James Edward Malin reviews Samantha L. Martin-McAuliffe’s edited volume of thirteen original essays, which examine the intersection of food and architecture through relationships of regionalism, sustainability, craft, and authenticity.
Cassandra Malis reviews Adrian Miller’s “The President’s Kitchen Cabinet: The Story of the African Americans Who Have Fed Our First Families, from the Washingtons to the Obamas,” which dives into the history behind food workers in the White House, adding a historical perspective to current political conversation about African American foodways.
Claudia Prieto-Piastro reviews Sarah Bowen’s “Divided Spirits: Tequila, Mezcal, and the Politics of Production,” which combines anthropological and historical methods to reveal the politics behind the increased popularity of tequila and mezcal production in Mexico.
Hannah C. Gunderman reviews Brigette Sebastia’s edited volume, “Eating Traditional Food: Politics, Identity, and Practices,” which examines the processes that produce notions of “traditional” foods, particularly within a global foodscape.
Josiah Taylor reviews Jessica Hayes-Conroy’s “Savoring Alternative Food: School Gardens, Healthy Eating, and Visceral Difference,” which reveals how social factors like culture, class, gender, and race contribute to exclude some people from the table.
Virginia Webb reviews Richard Ocejo’s “Masters of Craft: Old Jobs in the New Urban Economy,” which examines how lower status jobs (bartender, distiller, barber, and butcher) are being upscaled by educated urbanites in a post-industrial city.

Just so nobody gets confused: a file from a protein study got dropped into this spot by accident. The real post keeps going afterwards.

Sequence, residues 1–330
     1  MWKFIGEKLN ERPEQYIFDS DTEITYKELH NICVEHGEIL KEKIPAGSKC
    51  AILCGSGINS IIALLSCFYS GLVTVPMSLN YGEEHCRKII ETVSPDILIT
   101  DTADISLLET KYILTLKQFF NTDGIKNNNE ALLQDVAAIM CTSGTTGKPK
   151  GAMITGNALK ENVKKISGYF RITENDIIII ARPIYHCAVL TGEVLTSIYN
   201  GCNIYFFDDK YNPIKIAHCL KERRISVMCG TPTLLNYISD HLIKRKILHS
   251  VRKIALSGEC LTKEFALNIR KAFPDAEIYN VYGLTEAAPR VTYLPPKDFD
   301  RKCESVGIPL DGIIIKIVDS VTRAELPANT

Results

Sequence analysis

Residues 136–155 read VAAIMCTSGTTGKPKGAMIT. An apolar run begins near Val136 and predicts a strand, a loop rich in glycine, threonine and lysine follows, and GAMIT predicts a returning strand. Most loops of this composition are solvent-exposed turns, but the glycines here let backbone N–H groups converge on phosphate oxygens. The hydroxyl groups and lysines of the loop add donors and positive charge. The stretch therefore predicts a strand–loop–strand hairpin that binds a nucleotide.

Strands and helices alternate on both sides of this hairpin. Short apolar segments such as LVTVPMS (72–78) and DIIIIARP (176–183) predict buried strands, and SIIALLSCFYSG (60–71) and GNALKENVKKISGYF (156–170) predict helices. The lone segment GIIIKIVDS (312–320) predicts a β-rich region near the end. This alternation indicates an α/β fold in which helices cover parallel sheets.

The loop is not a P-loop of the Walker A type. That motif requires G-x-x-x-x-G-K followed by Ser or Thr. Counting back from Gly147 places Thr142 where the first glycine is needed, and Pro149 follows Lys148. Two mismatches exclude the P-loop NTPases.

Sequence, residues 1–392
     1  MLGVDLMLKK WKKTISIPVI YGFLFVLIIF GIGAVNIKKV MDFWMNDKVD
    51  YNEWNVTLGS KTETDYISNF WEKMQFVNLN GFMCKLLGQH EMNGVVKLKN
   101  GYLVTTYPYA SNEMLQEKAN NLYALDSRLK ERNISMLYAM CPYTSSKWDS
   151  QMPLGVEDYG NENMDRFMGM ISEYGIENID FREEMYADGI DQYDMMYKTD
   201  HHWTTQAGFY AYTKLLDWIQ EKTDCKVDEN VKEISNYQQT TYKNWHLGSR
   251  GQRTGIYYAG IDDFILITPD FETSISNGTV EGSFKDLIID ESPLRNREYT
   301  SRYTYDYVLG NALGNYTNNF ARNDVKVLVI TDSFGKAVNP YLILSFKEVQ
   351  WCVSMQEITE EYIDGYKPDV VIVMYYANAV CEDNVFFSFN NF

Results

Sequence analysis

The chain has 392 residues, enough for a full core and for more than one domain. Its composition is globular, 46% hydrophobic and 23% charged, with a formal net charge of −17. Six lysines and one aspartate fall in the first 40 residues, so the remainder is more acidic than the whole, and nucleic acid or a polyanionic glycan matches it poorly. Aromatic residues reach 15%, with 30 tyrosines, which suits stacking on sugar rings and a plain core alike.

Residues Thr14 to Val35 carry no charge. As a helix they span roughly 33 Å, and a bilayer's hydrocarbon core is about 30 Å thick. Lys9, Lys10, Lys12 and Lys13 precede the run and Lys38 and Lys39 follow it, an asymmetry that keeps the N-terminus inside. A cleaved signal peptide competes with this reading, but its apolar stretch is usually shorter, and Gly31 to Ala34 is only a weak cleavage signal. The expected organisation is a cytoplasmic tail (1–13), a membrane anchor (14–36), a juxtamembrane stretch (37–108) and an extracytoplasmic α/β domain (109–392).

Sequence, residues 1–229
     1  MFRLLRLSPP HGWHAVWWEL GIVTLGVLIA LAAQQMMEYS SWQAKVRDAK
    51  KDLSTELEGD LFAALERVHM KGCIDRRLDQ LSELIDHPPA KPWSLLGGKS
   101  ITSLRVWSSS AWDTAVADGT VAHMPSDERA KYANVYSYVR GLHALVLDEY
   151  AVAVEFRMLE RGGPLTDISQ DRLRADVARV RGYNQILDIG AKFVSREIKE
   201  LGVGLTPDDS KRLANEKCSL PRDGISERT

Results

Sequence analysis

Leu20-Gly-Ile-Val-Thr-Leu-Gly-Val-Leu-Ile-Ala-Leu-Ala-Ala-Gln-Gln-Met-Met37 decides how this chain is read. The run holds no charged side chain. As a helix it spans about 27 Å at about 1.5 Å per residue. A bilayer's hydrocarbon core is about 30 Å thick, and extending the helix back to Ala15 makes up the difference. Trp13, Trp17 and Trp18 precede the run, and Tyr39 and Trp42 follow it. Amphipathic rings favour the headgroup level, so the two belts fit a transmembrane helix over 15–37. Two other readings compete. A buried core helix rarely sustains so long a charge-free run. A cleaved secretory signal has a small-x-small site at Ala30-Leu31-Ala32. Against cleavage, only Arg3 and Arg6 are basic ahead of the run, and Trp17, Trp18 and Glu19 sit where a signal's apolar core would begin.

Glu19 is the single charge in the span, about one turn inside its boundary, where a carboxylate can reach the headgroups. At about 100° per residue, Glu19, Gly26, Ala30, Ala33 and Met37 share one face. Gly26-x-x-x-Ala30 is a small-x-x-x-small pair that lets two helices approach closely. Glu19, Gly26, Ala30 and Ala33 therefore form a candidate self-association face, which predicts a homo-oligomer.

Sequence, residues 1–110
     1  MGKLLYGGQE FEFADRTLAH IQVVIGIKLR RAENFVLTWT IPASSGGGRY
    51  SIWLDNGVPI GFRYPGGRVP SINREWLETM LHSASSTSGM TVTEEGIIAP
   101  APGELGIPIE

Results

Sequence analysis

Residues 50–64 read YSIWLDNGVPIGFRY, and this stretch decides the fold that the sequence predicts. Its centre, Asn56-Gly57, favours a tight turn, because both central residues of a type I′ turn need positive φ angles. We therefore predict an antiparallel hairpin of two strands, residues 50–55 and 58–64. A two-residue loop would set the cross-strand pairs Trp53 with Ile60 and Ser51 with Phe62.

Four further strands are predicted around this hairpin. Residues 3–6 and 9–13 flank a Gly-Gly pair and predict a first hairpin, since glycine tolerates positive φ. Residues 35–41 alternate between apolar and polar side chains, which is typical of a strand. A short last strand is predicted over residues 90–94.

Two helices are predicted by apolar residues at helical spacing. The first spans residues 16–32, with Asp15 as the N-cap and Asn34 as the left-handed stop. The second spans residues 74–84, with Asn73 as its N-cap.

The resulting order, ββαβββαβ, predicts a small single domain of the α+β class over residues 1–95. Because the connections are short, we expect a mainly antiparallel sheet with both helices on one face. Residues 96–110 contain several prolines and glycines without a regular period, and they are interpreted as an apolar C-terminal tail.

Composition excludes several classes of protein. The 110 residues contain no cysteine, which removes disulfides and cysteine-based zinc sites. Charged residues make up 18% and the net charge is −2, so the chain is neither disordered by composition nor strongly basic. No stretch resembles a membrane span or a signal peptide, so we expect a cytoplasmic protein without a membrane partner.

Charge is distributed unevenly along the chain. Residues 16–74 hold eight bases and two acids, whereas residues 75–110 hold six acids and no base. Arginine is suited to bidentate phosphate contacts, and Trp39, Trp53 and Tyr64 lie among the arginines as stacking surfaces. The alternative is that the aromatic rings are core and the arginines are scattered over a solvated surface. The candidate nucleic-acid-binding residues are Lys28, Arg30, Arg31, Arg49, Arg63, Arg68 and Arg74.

Sarah Huang reviews Nora McKeon’s “Food Security Governance: Empowering Communities, Regulating Corporations,” which provides a food system analysis to understand the history of food issues from World War II to present time, from local food systems to global commodity chains.
Rituparna Patgiri writes that Utsa Ray’s “Culinary Culture in Colonial India” is an attempt to understand the relationship between the urban middle class in colonial Bengal and its cuisine.
Alexandra Rodney reviews “Gender, Class and Food: Families, Bodies and Health,” in which Julia M. Parsons draws from 75 interviews to examine everyday foodways and how they contribute to the reproduction of inequality in the United Kingdom.
Daniel Shattuck reviews Ronda Brulotte and Michael Di Giovine’s edited volume, “Edible Identities: Food as Cultural Heritage,” which brings together food scholars from a variety of fields including anthropology, gastronomy, history, and architecture as well as from American, French, and Latin American studies to consider what happens when food is labeled “cultural heritage.”